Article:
At ‘Diaspora Through Dance,’ Teams Compete With Purpose
Arts, On Campus

At ‘Diaspora Through Dance,’ Teams Compete With Purpose

What is dance without purpose? Every aspect of Diaspora Through Dance, a competition jointly organized by Presenting Africa To You (PATU) and the Campus Activities Board (CAB), was intentional in showcasing the dance cultures of the African Diaspora. 

Since its inception in 1995, on-campus dance group PATU has aimed to share the cultures of the global diaspora with Boston College and the greater Boston community. Saturday’s competition did just that. Other Boston-area college dance teams joined PATU and all-female step team Females Incorporating Sisterhood Through Step (F.I.S.T.S.) for an evening of dance that spanned genres and continents.

The first competing team, Trxbe, hails from Suffolk University. Its set started off with six dancers crowned in afros, dancing in sync to upbeat, woodwind-heavy music. As the music transitioned, more team members hopped onto stage from the wings, and they then carried out routines to Sho Madjozi’s “John Cena” and Mr. Vegas’ “Party Tun Up.”

Members of PATU returned to the stage, some casually boasting, “West Coast best coast,” which summoned friendly retorts from PATU members of East African descent. They argued that with Somalia being on the “horn of Africa,” with the longest coastline in continental Africa, Uganda being the “pearl of Africa,” and Ethiopia being a coffee supplier of Africa, it should have been evident that no one “beats the East [Coast].”

This skit segued into the first performance by Boston University’s Eritrean and Ethiopian Students Association. The group graced the stage to perform a modern take on traditional Ethiopian dance. Wearing traditional white habesha kemis dresses and other Ethiopian garments, the team performed a routine that featured rolling and bouncing shoulders. They closed out the dance with a display of the Ethiopian lion of Judah and national Eritrean flags.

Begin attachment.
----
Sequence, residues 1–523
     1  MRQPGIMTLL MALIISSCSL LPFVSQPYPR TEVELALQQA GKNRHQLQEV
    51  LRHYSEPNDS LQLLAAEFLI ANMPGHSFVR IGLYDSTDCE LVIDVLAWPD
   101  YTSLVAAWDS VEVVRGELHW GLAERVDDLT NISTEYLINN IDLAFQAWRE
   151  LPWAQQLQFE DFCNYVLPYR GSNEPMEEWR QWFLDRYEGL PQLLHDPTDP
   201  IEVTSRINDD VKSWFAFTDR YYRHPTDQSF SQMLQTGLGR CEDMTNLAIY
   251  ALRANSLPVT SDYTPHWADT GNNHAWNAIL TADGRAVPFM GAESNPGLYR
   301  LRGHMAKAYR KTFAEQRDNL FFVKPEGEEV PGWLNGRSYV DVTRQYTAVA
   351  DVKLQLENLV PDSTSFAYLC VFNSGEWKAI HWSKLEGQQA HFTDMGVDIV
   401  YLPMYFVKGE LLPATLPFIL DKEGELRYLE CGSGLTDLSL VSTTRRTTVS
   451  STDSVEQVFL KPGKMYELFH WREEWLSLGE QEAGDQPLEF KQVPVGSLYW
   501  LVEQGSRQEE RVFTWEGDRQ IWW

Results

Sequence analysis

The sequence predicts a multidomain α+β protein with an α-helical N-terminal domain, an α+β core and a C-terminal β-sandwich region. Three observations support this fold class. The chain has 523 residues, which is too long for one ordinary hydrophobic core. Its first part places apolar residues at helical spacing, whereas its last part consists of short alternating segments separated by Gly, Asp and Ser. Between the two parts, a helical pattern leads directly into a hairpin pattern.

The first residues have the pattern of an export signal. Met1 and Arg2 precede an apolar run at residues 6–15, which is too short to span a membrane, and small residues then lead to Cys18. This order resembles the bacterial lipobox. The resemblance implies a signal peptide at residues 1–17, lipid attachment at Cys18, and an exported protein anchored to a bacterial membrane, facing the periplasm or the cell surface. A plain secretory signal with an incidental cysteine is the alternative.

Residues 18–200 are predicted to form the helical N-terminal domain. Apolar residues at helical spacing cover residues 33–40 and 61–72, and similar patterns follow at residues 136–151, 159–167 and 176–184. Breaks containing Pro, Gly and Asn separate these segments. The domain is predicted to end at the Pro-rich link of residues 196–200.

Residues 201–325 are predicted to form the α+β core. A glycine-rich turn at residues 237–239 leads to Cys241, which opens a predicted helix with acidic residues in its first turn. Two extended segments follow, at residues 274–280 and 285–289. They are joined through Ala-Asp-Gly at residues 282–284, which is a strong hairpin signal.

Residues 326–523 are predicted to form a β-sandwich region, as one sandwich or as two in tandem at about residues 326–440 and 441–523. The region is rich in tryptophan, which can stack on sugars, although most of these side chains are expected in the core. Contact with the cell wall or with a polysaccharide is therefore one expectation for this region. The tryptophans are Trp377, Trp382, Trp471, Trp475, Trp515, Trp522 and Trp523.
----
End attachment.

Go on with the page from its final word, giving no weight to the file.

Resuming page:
The next competing team, Sakata Afrique from Massachusetts Institute of Technology (MIT), performed a set to “Causing Trouble” by DJ Tunez and “Sensei” by Congolese-British artist ZieZie. They bridged the diaspora not only through music and dance, but also through fashion—sporting color-blocked windbreakers, the team incorporated hip-hop moves into its routine set to Beyoncé’s “My Power.”

The Riddim Dance Troupe from Northeastern University grooved sensually and energetically to Caribbean songs “Oil It” by Mr. Killa and “Body Good” by Shenseea. Small in number but mighty, the Riddim Dance Troupe also integrated moves that mimicked miming.



Transitioning into the Caribbean side of the diaspora, a handful of Haitian-American BC students performed kompa, a national music and dance style from Haiti. Three pairs of kompa dancers slow-danced to Afro-francophone music, including “Palavra” by Tayc, and were complemented by smoothly changing lights of various colors.

Boston University’s Afrithms was the last team to compete. Eleven women effortlessly executed South Africa’s “Gwara Gwara” dance. Their set featured recent, popular Afrobeat hits “Anybody” by Grammy-nominated Burna Boy, and “Simon Says” by Megan Thee Stallion. They stunned the crowd with a death drop finale.

The show also featured a performance from BC’s F.I.S.T.S. team. Members of PATU explained how step is an important art form because it has a long history in African and African-American communities.

PATU then concluded the show with its own performances, delivering nothing shy of animated, sharp, and grand dance moves. This year marks PATU’s 24th year on campus. To celebrate, the team brought back two PATU alumni as judges for the competition—Vanessa Medor, BC ’17, and Cimron C. Charles, BC ’16. The third judge was Régine Michelle Jean-Charles, professor of romance languages and literatures and African and African Diaspora Studies.

All-female Boston University team Afrithms was crowned the winner. Diaspora Through Dance was so much more than a competition, though. It was a powerful display of the rich cultural traditions of Africans across the globe, and a meaningful experience for the audience.

Featured Images by Leo Wang / For the Heights

February 23, 2020
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